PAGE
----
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First Saison - WLP565

Brewing my first Saison. I’ve got 5.25 gallons of 1.065 Saison fermenting with White Labs 565. I pitched a 1.5 liter starter after dosing the wort with 1 lpm oxygen at 68 degrees (wort and ambient temp). I’m letting this free rise until the temps stop climbing at then will be using the Fermwrap to bump the temp up a couple degrees per day. 18 hours later there is plenty of activity (krausen, airlock activity) and the temp is at 73 degrees.

This process goes against everything I’ve learned in the last year and a half. Normally, I’d have the temperature controlled for the first 48 hours at least before letting it rise or bumping it up.
Five degrees in 18 hours is pretty rapid and specifically I don’t want to taste acetaldehyde or hot alcohol. I believe the ester production from high temps are desirable with this yeast.

I’ve read a bit about this yeast tending to stall, so I’ll be picking up some champagne yeast just in case, but really just looking for some feedback on fermentation temps, specifically beginning fermentation temps for Saisons and/or this yeast. :cheers:

This is definitely a post I’m going to learn from.

:cheers:

I personally don’t buy the “ferment saisons hot” philosophy. I find I get plenty of pepper/coriander/citrus esters by pitching around where you pitched 66-68, holding for 2 days, then letting rise into the 70’s, eventually mid 70’s. One other trick I’ve used with success is pitching some actively fermenting wort in the form of a ‘brewday starter’ into my saison wort.

Bear in mind though, the original Dupont strain you used is very finicky, but there are purists who won’t use anything else. I think it produces a truly original saison, but I listened to a podcast where Chris White admits that it is a yeast that is MEANT TO BE USED IN CONJUNCTION WITH a brewery’s house yeast. I think some of the other saison strains out there are excellent and way easier to work with.

For me however, after tasting a few, I will be making all my farmhouse ales with Brett Trois going forward :cheers:

Thanks Pietro. The beer climbed to 74 degrees in the first 24 hours, so I’m definitely concerned about off flavors. Will post back when fermentation completes with results.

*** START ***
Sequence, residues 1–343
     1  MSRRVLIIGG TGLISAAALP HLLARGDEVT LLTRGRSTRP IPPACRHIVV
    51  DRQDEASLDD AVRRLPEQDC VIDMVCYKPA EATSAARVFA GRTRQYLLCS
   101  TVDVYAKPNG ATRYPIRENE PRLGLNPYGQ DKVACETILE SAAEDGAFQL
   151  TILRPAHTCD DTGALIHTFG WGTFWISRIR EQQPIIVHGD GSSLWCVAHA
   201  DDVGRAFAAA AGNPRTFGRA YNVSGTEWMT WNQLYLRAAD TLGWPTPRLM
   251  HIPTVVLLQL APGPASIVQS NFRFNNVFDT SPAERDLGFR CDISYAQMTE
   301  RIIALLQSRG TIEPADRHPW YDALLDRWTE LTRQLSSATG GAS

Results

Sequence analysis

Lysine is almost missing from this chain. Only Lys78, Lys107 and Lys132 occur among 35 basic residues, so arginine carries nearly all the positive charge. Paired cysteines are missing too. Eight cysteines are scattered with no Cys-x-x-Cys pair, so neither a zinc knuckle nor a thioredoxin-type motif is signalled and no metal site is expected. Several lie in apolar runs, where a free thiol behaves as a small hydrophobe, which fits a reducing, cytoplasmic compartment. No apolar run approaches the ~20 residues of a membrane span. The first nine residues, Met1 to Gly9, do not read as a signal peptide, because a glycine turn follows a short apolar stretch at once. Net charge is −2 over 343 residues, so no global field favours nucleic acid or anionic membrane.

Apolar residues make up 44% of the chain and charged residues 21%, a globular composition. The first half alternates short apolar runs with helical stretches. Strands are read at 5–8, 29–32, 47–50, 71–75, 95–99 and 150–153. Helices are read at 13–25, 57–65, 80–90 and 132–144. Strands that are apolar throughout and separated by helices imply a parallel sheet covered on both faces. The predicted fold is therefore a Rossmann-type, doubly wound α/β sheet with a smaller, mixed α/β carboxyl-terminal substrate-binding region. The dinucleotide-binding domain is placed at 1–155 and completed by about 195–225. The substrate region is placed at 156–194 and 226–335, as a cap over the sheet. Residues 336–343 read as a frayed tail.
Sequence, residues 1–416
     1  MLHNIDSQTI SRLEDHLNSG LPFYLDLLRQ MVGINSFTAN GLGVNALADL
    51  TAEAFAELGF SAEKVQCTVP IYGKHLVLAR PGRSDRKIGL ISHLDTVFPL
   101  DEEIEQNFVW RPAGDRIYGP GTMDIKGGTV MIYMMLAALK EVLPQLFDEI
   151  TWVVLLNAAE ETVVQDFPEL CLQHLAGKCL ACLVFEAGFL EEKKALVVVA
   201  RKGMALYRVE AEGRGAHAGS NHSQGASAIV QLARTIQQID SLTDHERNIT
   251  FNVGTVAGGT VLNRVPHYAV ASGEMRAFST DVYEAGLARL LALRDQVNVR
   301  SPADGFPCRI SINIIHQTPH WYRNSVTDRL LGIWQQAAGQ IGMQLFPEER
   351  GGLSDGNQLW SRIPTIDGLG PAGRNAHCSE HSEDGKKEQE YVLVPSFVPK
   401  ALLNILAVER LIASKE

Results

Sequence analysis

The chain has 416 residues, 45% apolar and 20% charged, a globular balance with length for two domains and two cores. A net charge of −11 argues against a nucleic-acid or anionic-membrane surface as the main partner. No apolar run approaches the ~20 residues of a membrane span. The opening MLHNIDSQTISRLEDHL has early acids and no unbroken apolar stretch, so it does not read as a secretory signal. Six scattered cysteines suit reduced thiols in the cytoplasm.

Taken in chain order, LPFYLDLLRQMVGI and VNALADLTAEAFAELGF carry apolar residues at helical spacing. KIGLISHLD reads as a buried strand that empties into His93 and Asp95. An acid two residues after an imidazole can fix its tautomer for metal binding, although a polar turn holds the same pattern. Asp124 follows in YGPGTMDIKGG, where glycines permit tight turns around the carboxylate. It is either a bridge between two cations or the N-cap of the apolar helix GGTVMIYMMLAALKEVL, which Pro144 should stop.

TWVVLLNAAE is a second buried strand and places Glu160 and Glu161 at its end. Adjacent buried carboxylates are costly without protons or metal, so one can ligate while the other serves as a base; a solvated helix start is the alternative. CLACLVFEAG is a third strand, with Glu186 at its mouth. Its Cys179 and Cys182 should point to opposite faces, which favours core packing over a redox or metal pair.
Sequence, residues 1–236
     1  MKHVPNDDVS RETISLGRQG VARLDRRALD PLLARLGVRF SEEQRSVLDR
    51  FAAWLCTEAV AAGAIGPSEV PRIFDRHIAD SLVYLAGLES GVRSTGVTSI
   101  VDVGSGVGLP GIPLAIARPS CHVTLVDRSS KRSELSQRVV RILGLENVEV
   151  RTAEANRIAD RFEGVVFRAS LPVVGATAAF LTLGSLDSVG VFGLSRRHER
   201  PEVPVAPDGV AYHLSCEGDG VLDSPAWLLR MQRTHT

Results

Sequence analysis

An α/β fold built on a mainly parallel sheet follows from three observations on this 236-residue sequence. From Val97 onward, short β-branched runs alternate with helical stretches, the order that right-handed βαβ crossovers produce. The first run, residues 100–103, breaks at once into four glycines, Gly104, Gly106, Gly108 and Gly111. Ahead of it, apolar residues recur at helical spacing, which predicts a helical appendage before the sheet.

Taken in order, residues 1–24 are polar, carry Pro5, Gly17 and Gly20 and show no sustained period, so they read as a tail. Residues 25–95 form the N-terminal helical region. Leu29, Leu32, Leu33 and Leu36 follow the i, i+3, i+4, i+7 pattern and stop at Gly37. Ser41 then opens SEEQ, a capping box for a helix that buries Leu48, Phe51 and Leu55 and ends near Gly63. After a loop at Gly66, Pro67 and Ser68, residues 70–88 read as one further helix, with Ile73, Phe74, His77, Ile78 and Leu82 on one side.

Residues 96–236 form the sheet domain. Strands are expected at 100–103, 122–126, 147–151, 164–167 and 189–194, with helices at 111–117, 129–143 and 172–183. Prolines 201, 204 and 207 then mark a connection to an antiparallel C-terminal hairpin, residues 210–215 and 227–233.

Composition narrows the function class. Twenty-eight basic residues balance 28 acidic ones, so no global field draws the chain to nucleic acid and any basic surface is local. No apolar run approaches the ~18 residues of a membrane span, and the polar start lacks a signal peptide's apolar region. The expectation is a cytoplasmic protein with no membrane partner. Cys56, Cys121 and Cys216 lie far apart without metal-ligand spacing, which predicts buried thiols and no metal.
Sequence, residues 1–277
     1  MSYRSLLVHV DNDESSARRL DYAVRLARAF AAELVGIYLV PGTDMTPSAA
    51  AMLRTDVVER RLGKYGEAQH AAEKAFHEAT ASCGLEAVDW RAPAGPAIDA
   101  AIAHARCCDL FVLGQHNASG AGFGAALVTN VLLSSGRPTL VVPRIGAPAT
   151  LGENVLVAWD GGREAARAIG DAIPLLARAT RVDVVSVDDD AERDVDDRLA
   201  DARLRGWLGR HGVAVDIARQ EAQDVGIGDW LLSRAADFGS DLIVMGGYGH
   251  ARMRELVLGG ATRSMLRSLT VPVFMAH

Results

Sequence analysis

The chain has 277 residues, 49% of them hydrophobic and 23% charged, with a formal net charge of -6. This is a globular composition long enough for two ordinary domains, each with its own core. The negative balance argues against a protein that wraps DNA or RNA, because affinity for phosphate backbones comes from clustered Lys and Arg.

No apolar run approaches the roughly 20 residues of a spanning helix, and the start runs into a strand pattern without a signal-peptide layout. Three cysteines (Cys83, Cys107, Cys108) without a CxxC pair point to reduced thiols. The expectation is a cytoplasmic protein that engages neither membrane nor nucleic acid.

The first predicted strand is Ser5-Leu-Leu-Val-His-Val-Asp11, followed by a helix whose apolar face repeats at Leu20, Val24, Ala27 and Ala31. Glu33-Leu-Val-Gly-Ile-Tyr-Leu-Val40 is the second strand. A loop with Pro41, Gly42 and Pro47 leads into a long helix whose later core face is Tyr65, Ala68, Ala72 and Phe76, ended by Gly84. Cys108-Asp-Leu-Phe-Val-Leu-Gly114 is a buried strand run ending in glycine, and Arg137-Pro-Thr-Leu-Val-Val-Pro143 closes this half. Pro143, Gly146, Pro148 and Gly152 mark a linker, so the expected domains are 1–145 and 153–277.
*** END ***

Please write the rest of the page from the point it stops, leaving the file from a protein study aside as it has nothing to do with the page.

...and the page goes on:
Don’t get me wrong, I think that will make a good beer. I’ve just found that I prefer my schedule. The flavors are nice and subtle starting out in the mid 60’s, and if its raised up, it will still finish out nice and dry.

At the higher temps, it will create more acetaldehyde, so you will need to let it ferment longer to reabsorb.

I’ve used 565 and fermented in the mid-70’s and other batches up to 85F. I didn’t notice any off flavors with the warmer batch. As others note, the biggest problem will be attentuation with this strain. Short of waiting 3 months, my saisons with 565 never dropped below 1.016. I finished with 1056 in the secondary with OG around 1.008.

Thanks, this is good to hear. I will likely pitch champagne yeast on it tonight.

Took a gravity reading tonight and after 72 hours the 1.065 saison is down to 1.024. There is still activity in the airlock, but unless I’m talked out of it in the next hour or so, I’m pitching 5 grams of rehydrated Red Star Pasteur Champagne yeast on it while there are still fermentable sugars present.
FWIW, there are no hot alcohol or acetaldehyde flavors present. :cheers:

Update: Not too pleased with the flavor since adding the champagne yeast. I may have to add that to my list of things not to do again. Maybe WLP001 would have been a better choice… or perhaps I should have let the 565 ride it out. Gravity today was 1.001 after 2 weeks so I kegged today, but I’ll have to see if the flavor improves after cold conditioning for a couple weeks.

can you describe what you don’t like about it? too dry? I 1.001 sounds like the sahara.

Just the flavor since the yeast addition, it really doesn’t strike me as overly dry or puckering. I was under the impression the champagne yeast wouldn’t contribute noticeable flavor, however the flavor is certainly different and not as good. Perhaps it was because of the warm fermentation temp. Perhaps I’m still tasting young beer or yeast in suspension. I just kegged it and crashed to 40 while carbing. I will let it sit for a couple weeks and taste again.

Taste has improved after conditioning and dropping out more yeast. Only problem now is the higher than normal saison abv 8.5%. All in all, pleased for my first run at this beer. Will likely change some things up for next batch, but currently working on setting up an electric brewery in the basement. Winter is coming.

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